Kickstart | Anton’s Motocross Christmas Memories
Some of my favorite Christmas memories were motocross related. Shocker. For ten years, nearly everything I asked for had something to do with dirt bikes. I thought we were making it easy for my parents every holiday season, and in our defense, it was hard to go wrong with anything from Fox Racing in the early 2000s. Somehow, my mom and dad always came through.
We weren’t spoiled, per se; Mike and Jenny wanted the best for us, but they made it known that those things were luxuries, that all of it could go away at a moment’s notice, and that we knew exactly what they did to get it. Now that my brother and I are “adults,” we see how wild those wish lists were and know how lucky we are to get what we did. Thank you, Mom and Dad.
Four gifts stand out. They varied wildly in price and came around the same time, and things would have turned out differently without them.
Christmas 2001 | Ocelot Riding Gear & Boots
By this point, we’d gone to the STL SX a handful of times, hunted down copies of new magazines at local stores, and had carved a small track into the front yard. Despite an avid interest and hours in the saddle of the XR80R, we were very much in the “hiking boots-cotton jersey-jeans” stage of riding. It was obvious that our gear needed an upgrade. All the guys in the magazines had real boots and gloves. Fortunately, my mom found the packages sold by Chaparral and ordered the matching Ocelot jersey-pant-chest protector-boots, plus the Fox Racing-Honda jerseys.
With one rip of wrapping paper and a promise that we’d line up at BET the next summer, we went from little Midwest hicks on Hondas to racers in the making. I most definitely told the entire family that I was “about to start training” later that afternoon.
That gear lasted a long time. By the time I grew out of the boots, they were soft as butter and had been “customized” with Whiteout to show my initials and number (inspired by the painted Tech 8s that Alpinestars made for pros). The pants and jersey were indestructible, thanks to the heavy-duty polyester, and my mom’s decision to buy them a few sizes up means that I could probably still fit in them.
Christmas 2002 | 2003 Honda CR85R & American Motocross Volume One
By the next Christmas, motocross was the only thing on my mind. The first season for Antonovich Racing was wildly successful, as Kyle and I both landed on the podium at our first race, and I scored a breakthrough win in the Playbike Class at the St. Clair County Fair.
My dad saw that I’d outgrown the air cooler XR and we talked about the all-new 2003 Honda CR85R a lot that fall. The few added ccs were impressive, but really, we most admired the bright red bodywork that made it look like the full-size CRs. A lifelong motorcyclist that still loves all things Honda, my dad knew when the brand-new bike landed at Belleville Honda, pulled the cash out of his stash, and to my mom’s displeasure, wheeled one out of the dealership. Respect.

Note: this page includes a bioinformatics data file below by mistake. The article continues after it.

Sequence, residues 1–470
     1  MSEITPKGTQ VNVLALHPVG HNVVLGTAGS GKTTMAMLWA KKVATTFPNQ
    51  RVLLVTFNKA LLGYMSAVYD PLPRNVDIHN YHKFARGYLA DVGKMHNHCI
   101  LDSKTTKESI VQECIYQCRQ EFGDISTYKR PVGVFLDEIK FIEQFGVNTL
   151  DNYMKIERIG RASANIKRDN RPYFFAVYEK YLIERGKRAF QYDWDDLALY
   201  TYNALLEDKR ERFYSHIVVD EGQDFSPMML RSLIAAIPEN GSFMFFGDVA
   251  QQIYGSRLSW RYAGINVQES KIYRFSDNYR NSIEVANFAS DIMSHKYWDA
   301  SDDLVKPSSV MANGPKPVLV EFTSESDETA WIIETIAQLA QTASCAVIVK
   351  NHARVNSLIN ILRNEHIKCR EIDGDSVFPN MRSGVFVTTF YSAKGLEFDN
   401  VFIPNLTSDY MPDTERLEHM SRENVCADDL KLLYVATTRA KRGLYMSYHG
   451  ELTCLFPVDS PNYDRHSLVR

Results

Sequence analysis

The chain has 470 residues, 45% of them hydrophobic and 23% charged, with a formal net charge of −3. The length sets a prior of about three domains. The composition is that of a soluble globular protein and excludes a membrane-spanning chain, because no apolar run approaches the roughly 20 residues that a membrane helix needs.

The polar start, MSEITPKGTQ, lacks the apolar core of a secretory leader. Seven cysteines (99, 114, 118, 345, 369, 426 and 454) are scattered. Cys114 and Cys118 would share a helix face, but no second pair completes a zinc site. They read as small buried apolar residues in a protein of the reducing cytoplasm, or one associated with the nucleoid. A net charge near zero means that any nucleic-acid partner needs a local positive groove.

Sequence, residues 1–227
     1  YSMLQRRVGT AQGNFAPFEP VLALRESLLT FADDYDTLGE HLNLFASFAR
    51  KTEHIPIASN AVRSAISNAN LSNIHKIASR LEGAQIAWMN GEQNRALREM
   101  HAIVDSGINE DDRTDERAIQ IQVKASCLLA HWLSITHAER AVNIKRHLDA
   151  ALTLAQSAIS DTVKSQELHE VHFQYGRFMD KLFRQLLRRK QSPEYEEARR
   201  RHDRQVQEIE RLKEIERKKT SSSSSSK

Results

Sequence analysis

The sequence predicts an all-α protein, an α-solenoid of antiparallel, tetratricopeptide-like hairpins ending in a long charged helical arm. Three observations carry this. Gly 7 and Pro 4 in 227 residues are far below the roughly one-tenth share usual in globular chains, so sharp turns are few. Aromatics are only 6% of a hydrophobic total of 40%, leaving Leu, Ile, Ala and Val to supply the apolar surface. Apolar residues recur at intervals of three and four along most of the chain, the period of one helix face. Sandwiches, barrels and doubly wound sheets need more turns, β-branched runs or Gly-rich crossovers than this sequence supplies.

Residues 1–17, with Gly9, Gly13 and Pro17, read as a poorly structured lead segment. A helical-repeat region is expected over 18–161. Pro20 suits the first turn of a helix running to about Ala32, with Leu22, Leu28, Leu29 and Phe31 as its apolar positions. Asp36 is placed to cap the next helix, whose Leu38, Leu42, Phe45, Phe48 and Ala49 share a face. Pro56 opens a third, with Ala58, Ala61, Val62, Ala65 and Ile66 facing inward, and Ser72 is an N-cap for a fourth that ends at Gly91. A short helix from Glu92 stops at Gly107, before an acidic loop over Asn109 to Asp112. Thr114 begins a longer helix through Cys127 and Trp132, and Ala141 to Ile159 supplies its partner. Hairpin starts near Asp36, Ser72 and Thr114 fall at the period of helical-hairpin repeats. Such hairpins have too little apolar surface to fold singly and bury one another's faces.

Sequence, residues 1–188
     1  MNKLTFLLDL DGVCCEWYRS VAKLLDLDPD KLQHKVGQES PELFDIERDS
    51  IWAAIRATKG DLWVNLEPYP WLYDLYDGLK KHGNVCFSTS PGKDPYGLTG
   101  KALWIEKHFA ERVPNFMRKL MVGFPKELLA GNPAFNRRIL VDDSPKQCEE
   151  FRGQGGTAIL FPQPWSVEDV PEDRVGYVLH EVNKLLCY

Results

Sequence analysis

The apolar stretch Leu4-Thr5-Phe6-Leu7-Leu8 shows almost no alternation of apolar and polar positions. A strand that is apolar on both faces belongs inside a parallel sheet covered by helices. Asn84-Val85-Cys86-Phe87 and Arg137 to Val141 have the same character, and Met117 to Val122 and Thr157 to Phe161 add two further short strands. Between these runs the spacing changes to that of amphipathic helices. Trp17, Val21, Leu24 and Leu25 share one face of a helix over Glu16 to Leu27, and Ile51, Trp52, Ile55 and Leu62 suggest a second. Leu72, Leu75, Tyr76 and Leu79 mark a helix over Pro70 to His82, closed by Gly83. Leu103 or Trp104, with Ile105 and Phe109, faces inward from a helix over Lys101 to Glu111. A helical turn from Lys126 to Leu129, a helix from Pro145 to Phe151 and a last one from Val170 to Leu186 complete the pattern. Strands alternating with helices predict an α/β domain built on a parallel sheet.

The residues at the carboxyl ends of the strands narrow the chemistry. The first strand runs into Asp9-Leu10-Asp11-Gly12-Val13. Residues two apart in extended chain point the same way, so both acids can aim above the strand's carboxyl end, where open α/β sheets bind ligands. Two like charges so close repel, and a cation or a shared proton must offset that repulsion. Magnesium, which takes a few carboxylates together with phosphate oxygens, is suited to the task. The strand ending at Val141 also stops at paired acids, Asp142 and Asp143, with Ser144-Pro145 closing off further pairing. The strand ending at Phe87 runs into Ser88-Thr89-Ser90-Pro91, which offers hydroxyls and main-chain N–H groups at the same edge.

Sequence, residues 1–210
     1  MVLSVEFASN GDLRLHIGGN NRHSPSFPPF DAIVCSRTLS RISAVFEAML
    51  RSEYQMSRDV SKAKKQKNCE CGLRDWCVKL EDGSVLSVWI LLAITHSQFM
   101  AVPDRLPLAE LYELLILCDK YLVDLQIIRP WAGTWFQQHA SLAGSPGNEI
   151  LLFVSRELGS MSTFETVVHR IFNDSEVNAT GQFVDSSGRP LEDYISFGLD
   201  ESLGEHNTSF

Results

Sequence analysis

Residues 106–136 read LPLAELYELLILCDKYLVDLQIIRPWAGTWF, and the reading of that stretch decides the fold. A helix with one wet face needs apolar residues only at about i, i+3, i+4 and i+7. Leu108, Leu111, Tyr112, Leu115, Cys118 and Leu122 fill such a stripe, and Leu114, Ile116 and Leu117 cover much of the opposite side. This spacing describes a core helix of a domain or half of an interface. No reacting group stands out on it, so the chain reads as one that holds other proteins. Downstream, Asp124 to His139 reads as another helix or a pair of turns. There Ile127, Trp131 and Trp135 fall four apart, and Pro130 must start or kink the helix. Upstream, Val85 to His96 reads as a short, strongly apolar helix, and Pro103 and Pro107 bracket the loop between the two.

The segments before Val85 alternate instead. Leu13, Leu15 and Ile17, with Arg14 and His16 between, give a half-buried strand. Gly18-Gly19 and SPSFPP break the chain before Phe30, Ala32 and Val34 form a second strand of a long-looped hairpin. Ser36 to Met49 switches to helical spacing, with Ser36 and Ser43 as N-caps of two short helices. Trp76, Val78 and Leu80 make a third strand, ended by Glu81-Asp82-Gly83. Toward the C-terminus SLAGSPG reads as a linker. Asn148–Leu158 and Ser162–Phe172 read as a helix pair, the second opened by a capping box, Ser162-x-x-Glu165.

Big Mike was just as excited about the new bike as I was because he gave it to me on Christmas Eve. He hid it in our basement, behind an outdoor swing, then repeatedly sent me downstairs to get something for him, hinting every time that something might be down there. By the third or fourth trip to the basement and his repeated “Damn, you still didn’t find it?” comments, I was fed up and had a meltdown. What a brat…
Finally, he directed me to it, and holy shit. The first kickstart of the two-stroke engine proved that it was also a bit too big and much too powerful for my 12-year-old self, but there was no going back.
MXmas continued the next morning when my mom handed me a copy of American Motocross Illustrated, a hardbound book that put all of Simon Cudby’s photos from the 2002 race season in one place. I’d seen most of the shots in Racer X, one of the two print titles that landed in our mailbox every month, but the details fully came through in the thick glossy pages and showed how Simon’s view of the pit area was completely different than what I saw as a fan.
The $3100 spent that year is extravagant, no doubt, but basically turned out to be the equivalent of a college education.
Christmas 2000 | TransWorld Motocross December 2000
The cheapest gift proved to be the most impactful. My mom grabbed two motocross magazines from the newsstand, one MXA and one TWMX, and put them in mine and Kyle’s stockings. Kyle got the TWMX, I got the MXA.
Eventually, I got a hold of it and flipped through to see spreads from the 2000 outdoor Nationals, the MXdN in France, the X Games, plus interviews with Brian Deegan and Sebastian Tortelli. The Kawasaki ad with riders buried like crops in the field was weirdly cool. It had the edgy style of the BMX magazines I was already into and made Southern California seem like the epicenter.
And that was the start to everything else.
Similar moments will occur for others this holiday season. A little kid will get a Stacyc or mini bike. An entry-level rider will get an upgrade in gear. Someone will be offered the chance to be part of a race for the first time, either as a spectator or competitor. Big or small, it will make them a lifelong fan.
Give the gift of motocross this holiday season.